Back in terms of PackBSP... in the words of William Stafford, the solution to writer's block is "Lower your standards and keep writing." I may have to go ahead and take that route and deliberately give up the seductive vision of a GUI done the "right way". Use some of that fancy hokery-pokery "Agile" methodology the kids are all talkin' about these days.

Dang, I'm losing ground!

It turns out that Valve has recently added some new stuff with their "Steam for Mac" business phase. There are new sections to the FGD files (see wiki) and it seems that instead of Episode 1 and Orange Box engines, they are now showing three, with new labels:

  • "Source 2006" (ep1)
  • "Source 2007" (source2007)
  • "Source 2009" (orangebox)

I'm guessing they created the source2007 category specifically to hold games (such as HL2:Ep2) which are not being moved forward onto their new cross-platform-buildable engine. The engine differences should be a really fast fix. Since I rewrote everything to read the Source SDK data files, all I have to do is change the "SdkEngine" enum.  The FGD stuff might take a little bit longer, especially if the new sections have any inheritance/override rules when multiple FGDs are layered together.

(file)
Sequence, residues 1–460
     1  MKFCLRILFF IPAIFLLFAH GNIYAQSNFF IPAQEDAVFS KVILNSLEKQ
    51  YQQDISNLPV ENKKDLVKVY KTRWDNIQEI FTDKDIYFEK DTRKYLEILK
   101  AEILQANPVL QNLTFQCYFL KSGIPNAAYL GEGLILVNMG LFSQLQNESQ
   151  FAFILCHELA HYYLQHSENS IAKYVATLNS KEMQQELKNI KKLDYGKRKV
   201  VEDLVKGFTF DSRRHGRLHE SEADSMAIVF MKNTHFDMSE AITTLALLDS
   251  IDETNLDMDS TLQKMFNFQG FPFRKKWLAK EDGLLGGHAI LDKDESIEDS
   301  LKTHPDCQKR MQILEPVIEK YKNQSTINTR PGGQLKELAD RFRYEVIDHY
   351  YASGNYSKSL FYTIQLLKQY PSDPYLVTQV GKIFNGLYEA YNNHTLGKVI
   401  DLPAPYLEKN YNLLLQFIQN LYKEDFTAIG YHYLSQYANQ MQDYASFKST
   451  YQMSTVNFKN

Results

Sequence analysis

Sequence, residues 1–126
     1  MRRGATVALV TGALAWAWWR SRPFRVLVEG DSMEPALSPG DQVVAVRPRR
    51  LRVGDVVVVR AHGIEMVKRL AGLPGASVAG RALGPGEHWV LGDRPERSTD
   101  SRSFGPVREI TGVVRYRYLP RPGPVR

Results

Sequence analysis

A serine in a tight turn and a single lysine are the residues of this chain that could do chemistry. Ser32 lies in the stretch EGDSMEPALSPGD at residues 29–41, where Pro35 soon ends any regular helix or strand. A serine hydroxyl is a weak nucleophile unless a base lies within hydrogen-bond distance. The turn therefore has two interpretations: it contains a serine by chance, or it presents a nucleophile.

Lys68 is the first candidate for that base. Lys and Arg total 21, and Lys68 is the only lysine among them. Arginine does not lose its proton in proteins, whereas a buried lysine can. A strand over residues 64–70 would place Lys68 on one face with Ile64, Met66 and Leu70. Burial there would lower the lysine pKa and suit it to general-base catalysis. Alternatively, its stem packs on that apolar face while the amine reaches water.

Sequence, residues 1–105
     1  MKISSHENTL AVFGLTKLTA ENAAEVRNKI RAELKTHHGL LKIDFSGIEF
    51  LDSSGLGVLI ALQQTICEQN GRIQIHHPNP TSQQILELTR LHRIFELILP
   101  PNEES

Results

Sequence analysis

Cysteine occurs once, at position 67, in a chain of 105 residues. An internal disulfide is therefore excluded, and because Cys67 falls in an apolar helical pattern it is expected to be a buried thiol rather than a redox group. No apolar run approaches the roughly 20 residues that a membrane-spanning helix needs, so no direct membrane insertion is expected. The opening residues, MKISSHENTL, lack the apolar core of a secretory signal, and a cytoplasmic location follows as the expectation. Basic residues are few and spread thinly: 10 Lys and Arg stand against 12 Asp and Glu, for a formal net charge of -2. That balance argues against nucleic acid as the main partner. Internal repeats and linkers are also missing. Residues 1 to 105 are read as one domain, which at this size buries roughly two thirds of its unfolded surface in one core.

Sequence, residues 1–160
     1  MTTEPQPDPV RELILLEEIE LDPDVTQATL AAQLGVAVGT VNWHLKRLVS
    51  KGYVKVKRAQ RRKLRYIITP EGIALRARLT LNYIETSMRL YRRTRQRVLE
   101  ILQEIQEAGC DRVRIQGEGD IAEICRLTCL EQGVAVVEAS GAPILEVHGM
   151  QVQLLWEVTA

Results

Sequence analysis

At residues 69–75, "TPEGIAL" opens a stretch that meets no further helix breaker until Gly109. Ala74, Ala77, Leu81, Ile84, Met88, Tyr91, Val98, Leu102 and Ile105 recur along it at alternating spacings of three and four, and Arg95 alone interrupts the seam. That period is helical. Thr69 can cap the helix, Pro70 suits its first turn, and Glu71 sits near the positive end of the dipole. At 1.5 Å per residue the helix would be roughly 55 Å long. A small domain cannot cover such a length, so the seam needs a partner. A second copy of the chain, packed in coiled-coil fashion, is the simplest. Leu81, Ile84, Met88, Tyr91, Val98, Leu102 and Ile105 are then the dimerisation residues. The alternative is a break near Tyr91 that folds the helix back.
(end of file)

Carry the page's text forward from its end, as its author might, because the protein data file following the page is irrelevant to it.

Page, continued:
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FGD API example

Just a sample from the FGD code I wrote for the Hl2Parse library. This snippet loads the TF2 FGD file and then re-outputs the FGD format to show it has parsed everything. It also prints the "default" version and then the "combined" version which collapses all the inheritance.

final String fgdPath = "...";